Still missing your tax refund? You’ll soon receive 5% interest
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There’s good news for those who are still waiting on a refund. The rate increases to 5%, up from 4% as of July 1. According to the agency. latest quarterly adjustment.
The IRS typically has 45 days from the deadline for filing returns to process them and issue refunds. Tommy Lucas, who is a certified financial planner, and an enrolled agent at Moisand Fitzgerald Tamayo, Orlando, Florida, said that the IRS adds daily compounding interest to their returns.
This sounds great, but it comes with a drawback: Your interest will be taxable.
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In the fiscal year 2021 the IRS interest payments reached $3.3 billion, with an increase of 33% from 2020 for individual returns. The U.S. Government Accountability Office reported that the IRS interest payments rose to $3.3 Billion. reported.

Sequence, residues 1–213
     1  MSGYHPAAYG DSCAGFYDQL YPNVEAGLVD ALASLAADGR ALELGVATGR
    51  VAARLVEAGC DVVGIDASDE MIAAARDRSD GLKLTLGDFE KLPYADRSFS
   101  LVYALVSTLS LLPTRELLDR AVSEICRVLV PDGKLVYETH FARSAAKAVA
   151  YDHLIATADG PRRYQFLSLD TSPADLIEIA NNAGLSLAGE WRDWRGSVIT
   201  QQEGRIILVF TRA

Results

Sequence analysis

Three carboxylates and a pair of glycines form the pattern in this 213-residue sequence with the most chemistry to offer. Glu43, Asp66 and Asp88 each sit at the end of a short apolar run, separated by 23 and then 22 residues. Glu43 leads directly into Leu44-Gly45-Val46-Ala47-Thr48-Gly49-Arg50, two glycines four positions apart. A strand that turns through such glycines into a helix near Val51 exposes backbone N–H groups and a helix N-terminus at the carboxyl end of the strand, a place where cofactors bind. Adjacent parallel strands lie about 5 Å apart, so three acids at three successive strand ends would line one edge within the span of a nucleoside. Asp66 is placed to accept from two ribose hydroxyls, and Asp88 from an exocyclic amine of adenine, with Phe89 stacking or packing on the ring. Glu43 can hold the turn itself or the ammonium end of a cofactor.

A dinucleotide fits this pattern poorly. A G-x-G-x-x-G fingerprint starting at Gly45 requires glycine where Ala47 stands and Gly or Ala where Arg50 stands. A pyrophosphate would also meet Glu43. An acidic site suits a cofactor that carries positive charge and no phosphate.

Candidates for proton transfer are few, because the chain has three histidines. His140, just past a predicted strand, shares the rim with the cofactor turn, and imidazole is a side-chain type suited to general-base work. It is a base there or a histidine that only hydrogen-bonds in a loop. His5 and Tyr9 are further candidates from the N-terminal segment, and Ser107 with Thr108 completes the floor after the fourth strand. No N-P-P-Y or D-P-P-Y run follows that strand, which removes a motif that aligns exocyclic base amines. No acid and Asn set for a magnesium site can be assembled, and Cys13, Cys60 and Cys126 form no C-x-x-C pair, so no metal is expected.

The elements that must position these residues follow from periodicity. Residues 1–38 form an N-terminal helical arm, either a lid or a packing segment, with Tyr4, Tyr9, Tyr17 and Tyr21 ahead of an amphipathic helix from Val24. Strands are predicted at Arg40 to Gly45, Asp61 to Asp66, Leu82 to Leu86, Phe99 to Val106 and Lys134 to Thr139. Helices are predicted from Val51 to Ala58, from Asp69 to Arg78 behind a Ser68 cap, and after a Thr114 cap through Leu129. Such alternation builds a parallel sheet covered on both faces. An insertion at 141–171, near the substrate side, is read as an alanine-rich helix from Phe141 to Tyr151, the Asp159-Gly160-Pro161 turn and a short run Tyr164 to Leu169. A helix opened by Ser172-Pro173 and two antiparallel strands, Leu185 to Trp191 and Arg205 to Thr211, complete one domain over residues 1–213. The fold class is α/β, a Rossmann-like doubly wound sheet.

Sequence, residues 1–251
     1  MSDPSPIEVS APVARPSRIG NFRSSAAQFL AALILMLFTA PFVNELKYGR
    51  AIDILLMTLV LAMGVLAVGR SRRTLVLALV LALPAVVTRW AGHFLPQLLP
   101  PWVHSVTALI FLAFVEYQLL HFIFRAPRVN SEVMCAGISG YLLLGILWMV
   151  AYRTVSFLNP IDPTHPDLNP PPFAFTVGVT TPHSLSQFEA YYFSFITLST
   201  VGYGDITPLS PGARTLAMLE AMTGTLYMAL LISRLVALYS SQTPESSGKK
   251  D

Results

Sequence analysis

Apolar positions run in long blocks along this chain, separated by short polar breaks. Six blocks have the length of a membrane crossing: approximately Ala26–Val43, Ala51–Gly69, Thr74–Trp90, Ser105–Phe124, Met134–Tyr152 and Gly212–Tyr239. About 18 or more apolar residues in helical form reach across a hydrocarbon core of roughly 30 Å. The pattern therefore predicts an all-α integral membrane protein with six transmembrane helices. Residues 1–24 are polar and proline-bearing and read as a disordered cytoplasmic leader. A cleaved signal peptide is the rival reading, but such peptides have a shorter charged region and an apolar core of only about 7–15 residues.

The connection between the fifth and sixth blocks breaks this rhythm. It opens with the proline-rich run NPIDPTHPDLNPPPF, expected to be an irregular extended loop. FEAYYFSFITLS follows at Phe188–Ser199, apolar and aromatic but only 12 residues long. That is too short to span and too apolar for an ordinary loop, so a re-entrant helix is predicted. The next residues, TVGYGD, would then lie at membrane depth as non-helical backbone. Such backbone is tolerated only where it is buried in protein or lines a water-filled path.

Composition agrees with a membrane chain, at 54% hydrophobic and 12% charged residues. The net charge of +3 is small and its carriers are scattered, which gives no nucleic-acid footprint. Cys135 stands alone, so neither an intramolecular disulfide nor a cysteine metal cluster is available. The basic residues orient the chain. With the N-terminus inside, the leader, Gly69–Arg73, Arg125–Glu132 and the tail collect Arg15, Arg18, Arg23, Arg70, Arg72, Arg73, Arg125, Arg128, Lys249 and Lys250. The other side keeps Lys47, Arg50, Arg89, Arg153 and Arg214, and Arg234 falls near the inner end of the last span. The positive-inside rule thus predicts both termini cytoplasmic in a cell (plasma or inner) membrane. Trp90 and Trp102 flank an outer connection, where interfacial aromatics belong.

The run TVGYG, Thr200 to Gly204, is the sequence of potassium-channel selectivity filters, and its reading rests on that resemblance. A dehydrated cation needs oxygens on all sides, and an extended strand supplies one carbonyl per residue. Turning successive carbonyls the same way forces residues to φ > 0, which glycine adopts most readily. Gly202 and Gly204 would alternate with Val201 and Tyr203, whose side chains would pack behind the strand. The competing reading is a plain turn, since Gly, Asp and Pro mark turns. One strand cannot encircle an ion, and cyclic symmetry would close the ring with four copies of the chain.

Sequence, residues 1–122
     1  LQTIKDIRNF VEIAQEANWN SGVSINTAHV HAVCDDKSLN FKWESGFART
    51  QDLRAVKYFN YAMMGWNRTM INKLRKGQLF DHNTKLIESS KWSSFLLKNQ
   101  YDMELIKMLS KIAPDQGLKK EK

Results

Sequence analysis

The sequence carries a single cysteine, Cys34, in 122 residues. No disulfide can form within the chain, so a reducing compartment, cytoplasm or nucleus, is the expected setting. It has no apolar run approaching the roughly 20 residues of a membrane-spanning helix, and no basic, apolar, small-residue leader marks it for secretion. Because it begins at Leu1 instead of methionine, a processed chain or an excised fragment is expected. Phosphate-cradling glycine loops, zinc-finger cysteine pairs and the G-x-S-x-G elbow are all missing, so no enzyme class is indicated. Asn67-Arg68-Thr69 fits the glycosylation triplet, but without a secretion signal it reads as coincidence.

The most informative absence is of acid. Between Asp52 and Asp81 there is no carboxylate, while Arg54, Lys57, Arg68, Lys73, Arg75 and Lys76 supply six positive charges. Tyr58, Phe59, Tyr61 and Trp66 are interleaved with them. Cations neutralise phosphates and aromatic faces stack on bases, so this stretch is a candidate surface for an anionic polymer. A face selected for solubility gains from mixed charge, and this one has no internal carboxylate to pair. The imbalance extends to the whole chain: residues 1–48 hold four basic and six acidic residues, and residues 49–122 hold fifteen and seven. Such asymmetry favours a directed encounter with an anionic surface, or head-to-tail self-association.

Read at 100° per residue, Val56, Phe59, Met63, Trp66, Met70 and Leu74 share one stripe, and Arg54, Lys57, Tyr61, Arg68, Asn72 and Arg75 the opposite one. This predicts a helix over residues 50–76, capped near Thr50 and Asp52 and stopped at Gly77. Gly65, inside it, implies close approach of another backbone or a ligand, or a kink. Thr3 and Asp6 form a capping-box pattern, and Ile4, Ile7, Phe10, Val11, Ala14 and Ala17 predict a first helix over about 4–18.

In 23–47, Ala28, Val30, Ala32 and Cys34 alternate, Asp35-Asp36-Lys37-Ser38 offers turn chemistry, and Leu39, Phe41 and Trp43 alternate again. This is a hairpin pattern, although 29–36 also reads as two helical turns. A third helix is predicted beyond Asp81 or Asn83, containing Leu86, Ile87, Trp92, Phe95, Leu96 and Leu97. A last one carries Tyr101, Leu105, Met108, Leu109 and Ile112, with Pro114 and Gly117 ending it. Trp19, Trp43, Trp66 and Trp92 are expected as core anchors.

It is easiest to verify the status of your refund by using the “Where’s My Refund?”Use the online tool IRS2Go app. You will see three steps in the portal: Return receipt approval, Refund Approval and If the refund was sent with an estimated Deposit Date.
Recent updates by the IRS to the portal include 2020 and 2019 returns were made public, according to Phyllis Jo Kubey (a New York State Society of Enrolled Agents president)
She stated that “Before the upgrade, the online inquiry for refunds only covered current year refunds. This meant anyone wishing to know about an older-year refund must call the IRS.”
Many taxpayers have struggled to get in touch with IRS agents due to high call volumes. During the first half of 2021, there were fewer than 15,000 employees to handle over 240 million calls — one agent for every 16,000 calls, according to the National Taxpayer Advocate.
Kubey stated, “I hope that this marks the start of further enhancements to IRS’ online refund inquiry tools. I look forward for more improvements.”
It has been for a while. difficult period for the IRSThe agency is battling with pandemic-related backlogs.
According to Ken Corbin of the IRS, chief taxpayer experience officer, 2022 saw 8.2 millions paper returns.
His goal was to return the IRS to an earlier state before the pandemic. We must process the paper in order to get back to providing the services that taxpayers are entitled to.
Charles Rettig from the IRS told House Members in March that he expects the backlog to clear by the end of 2022.